MOSCOW (Reuters) - Russia is about to complete a fresh expansion of its oil pipelines to the Pacific coast that will cement its role as a top Asian supplier and allow it to ship a third of its total oil exports to Asia-Pacific markets.
Just 10 years ago, Russia, the world’s second largest oil exporter after Saudi Arabia, was barely sending any oil to Asia with most of its oil exports flowing to the West.
But as tensions between Russia and the European Union mounted and the Asian economies expanded, Russian President Vladimir Putin asked the government to diversify oil export routes.
(GRAPHIC: Russian oil exports and domestic refining in 2005-2019 - )
Over the past decade, Russia launched a major oil pipeline to China, which today is shipping 600,000 barrels per day (bpd), and opened the new port of Kozmino on the Pacific, exporting over 600,000 bpd. Russia is also shipping 200,000 bpd to China via a pipeline crossing Kazakhstan.
Next month, Russia plans to expand the pipeline connecting its east and west Siberian fields with China, Kozmino and local refineries - known as the East Siberia–Pacific Ocean (ESPO) - by another 100,000 bpd.
The link will then reach its full designed capacity of 1.6 million bpd.
Over the past decade, China has become by far the largest buyer of Russian oil via new routes, securing 800,000 bpd of supplies by pipelines and buying large volumes from Kozmino.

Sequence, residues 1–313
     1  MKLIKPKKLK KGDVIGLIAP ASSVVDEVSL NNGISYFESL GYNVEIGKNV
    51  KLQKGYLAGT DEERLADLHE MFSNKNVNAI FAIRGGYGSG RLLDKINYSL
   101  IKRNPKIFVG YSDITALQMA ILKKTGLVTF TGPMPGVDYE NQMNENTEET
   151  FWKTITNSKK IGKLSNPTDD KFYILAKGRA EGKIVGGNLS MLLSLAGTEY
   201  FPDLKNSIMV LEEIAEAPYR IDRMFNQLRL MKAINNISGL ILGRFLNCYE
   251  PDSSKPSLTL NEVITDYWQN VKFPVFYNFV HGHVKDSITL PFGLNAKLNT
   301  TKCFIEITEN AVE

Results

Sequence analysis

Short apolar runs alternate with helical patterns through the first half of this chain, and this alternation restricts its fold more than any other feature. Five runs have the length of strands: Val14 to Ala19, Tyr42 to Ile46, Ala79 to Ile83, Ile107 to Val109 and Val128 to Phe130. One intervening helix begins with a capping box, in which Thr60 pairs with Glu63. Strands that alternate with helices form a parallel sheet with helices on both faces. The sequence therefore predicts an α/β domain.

The expansion of the ESPO link should further cement Russia’s role as China’s top supplier ahead of rivals such as Saudi Arabia and the United States.
Meanwhile, exports to the West, which have been the main source of export revenues for Russia and the Soviet Union since the 1960s, have declined by some 15 percent since 2005.
Russian domestic refining grew by more than 50 percent as Putin called on the industry to modernize and focus on exports of value added products rather than crude oil.
The diversification of export routes also allowed Russia to capture better prices for its crude – for most of the past decade crude in Asia was trading at a premium to Russia’s western oil benchmark blend Urals.
Also, this year Russia is planning to launch its first major gas pipeline to China, which is poised to help the country to further diversify its energy exports.
Reporting by Olga Yagova; Editing by Dmitry Zhdannikov and Elaine Hardcastle
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